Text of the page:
Macroeconomic & Geopolitical

Europe Pivots from Brexit to Biden

November 2020 – 3 min read
The President-elect says "America's back," but Europeans (and global investors) ask "how long?"

Friedrich Nietzsche, Kelly Clarkson and Ursula von der Leyen agree: what doesn't kill you makes you stronger.

The 19th century German philosopher, the American pop idol and the president of the European Commission all understand that adversity often steels resilience and stiffens determination. In the case of the European Union, Britain’s decision to withdraw looked in 2016 like the beginning of a great unraveling of its lumbering and often incoherent political project. Then came another blow with the election of Donald Trump, who suggested European integration was intended to “take advantage” of the United States and labelled Europe itself a “foe” on trade issues.

But the EU’s institutions not only survived, they thrived under pressure in the last five years. With President-elect Joe Biden signaling his intention to restore relations with America’s allies, European leaders may be a little skeptical, and global investors should brace for some continuing friction, including over tariffs, sanctions and China.

The Brexit negotiations, which may—or may not—be approaching a key final week, are a mark of Europe’s newfound confidence. Even with successive British governments flailing away in disjointed efforts to secure better terms for their departure, the EU’s 27 remaining member states have been steadfast around the basic principle that Britain could not leave their club and expect the same benefits of membership.

While the U.K. legally exited on January 31, the current talks intend to frame a future trading relationship but seem stuck on Europe’s fishing rights in U.K. waters and the British government’s ability to offer unrestricted “state aid” to companies. These sticking points may be further complicated by British legislation that could undermine previous commitments to keep an open border with Ireland. And the latest news that one of Europe’s top negotiators tested positive for the coronavirus now makes for a really tight deadline on a deal that 28 parliaments must approve before the end of the year. 

The bet is that Prime Minister Boris Johnson will cave in at the last minute to avoid a chaotic transition that will require new border controls, punishing tariffs and technical agreements on everything from air travel to the distribution of vaccines (yes, including COVID-19 vaccines).

Europe, in any case, will turn its attention to the next fresh challenge, which is an America that says it wants to reclaim its role as leader of the Atlantic alliance, even as European leaders wonder what that means. 

First, for all its continuing challenges, the European Union has emerged more coherent and confident. The EU’s pandemic response has included both major near-term fiscal commitments and long-term spending and borrowing to support recovery. The European Central Bank has successfully bolstered bond markets to keep credit flowing. Nearly two-thirds of Europeans back the EU’s institutions, according to a recent poll.

Second, while European leaders may welcome Biden’s soothing overtures, they will soon start to wonder just how much he can deliver on the economic issues they care about most. Awkwardly, his election coincided with Europe slapping tariffs on $4 billion in U.S. goods in connection with a long-standing dispute on government support for Airbus and Boeing. Meanwhile, quarrels over Europe’s plans for a digital tax on U.S. tech firms will not disappear in a wave of goodwill. Nor will the conversation warm when Biden presses ahead with campaign pledges to encourage U.S. firms to “bring back” jobs or to expand “Buy American” provisions in government contracts.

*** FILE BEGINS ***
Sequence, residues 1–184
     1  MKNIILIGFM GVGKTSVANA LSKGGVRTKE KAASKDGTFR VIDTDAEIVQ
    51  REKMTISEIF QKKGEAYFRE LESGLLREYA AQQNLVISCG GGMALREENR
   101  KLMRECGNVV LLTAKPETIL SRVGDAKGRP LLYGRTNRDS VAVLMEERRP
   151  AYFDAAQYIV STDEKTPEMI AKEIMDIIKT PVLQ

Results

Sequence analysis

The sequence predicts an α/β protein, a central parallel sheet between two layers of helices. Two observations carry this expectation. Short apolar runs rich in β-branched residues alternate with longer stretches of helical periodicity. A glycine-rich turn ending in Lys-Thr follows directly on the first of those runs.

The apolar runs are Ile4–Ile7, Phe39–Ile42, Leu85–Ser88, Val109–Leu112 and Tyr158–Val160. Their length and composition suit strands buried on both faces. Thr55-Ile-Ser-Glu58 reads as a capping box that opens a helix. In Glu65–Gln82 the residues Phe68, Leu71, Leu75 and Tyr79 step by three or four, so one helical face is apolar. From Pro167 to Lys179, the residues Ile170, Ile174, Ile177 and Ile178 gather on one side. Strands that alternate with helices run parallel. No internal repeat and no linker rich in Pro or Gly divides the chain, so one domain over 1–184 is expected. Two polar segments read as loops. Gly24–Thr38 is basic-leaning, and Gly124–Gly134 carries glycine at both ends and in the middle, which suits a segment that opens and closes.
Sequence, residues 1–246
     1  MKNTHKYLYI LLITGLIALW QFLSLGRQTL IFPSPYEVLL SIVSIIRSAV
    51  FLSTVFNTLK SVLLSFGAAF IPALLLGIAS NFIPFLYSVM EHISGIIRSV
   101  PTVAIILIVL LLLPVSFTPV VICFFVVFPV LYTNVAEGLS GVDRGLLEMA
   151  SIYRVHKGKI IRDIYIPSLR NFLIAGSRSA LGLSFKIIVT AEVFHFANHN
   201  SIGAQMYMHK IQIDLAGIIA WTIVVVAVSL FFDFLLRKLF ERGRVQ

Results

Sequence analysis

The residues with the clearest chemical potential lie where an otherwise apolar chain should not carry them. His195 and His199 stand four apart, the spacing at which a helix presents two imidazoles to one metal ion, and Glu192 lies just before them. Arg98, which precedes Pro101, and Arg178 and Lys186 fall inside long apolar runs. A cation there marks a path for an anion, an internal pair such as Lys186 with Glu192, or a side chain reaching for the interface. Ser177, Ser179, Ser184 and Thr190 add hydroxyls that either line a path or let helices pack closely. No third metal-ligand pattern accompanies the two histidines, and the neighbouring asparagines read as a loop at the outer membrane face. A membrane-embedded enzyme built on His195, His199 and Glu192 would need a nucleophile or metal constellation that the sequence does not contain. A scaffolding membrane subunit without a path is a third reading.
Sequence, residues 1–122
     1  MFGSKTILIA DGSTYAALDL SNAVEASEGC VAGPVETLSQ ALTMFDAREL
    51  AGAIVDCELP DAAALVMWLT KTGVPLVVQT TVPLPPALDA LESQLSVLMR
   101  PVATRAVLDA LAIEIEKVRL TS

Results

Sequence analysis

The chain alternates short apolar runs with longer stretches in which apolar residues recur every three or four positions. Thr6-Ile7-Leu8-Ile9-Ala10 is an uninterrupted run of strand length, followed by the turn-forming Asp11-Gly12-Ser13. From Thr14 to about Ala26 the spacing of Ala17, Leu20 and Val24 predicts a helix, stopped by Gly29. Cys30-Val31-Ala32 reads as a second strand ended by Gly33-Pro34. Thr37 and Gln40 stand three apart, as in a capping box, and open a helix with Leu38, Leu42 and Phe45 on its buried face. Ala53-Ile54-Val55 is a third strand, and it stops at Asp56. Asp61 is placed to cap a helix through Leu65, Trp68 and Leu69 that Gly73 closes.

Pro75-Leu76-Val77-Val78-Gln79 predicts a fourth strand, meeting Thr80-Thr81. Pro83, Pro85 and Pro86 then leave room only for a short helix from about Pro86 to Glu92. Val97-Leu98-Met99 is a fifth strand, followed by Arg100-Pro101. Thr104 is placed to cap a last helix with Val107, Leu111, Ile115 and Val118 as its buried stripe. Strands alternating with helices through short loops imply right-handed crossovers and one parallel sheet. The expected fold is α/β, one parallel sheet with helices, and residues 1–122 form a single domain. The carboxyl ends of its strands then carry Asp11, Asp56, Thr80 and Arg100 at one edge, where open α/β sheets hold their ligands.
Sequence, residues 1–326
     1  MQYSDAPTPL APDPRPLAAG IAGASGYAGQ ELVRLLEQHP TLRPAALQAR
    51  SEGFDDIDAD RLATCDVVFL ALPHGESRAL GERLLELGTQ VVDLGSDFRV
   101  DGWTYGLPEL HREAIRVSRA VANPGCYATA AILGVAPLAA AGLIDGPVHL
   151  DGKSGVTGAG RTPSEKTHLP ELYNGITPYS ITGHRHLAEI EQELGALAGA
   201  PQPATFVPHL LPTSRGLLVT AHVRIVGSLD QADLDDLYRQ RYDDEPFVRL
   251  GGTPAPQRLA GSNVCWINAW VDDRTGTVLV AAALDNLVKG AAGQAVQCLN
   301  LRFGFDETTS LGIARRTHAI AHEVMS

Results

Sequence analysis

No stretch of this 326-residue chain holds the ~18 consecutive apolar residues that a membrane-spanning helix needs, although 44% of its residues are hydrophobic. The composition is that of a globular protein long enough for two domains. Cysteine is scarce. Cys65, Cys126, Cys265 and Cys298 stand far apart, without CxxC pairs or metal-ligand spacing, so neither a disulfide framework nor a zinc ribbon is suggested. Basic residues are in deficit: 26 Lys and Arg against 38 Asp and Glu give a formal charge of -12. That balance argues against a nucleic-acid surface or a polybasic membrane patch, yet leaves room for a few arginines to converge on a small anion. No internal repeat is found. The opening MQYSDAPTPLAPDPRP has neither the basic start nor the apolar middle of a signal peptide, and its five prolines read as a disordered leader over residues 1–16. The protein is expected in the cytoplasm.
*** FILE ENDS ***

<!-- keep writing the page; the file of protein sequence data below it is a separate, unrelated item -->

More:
“Europe will turn its attention to the next fresh challenge, which is an America that says it wants to reclaim its role as leader of the Atlantic alliance, even as European leaders wonder what that means.”

Third, there is a sense that even as Biden speaks of working with allies to press China for more open markets and protection of intellectual property, Europe’s interests may not always align. While some European politicians have expressed wariness as Beijing flexes its influence abroad, Europe fundamentally wants to build an economic relationship with China, while the United States worries about a range of military and political dimensions, too. This shapes how both sides consider issues around Hong Kong protests, North Korea’s nuclear program and doing business with Chinese tech giants like Huawei and ZTE.

The trans-Atlantic relationship should warm considerably on more aggressive measures to combat climate change, a fresh approach to Iran’s nuclear program and even more pandemic coordination through the World Health Organization. The initial embrace will be friendly and genuine. But decades of post-war trust have been broken, and Europeans have also grown more skeptical about an America they worry has turned inward. They speak, if somewhat vaguely, about the continent’s progress toward “strategic sovereignty” to face global challenges.

“We cannot go back to the exact same agenda we had five years ago,” von der Leyen herself warned in a speech following Biden’s victory. “Because the world has changed and so have the United States and so has Europe.” Brace yourself and remember, if it doesn’t kill you ….

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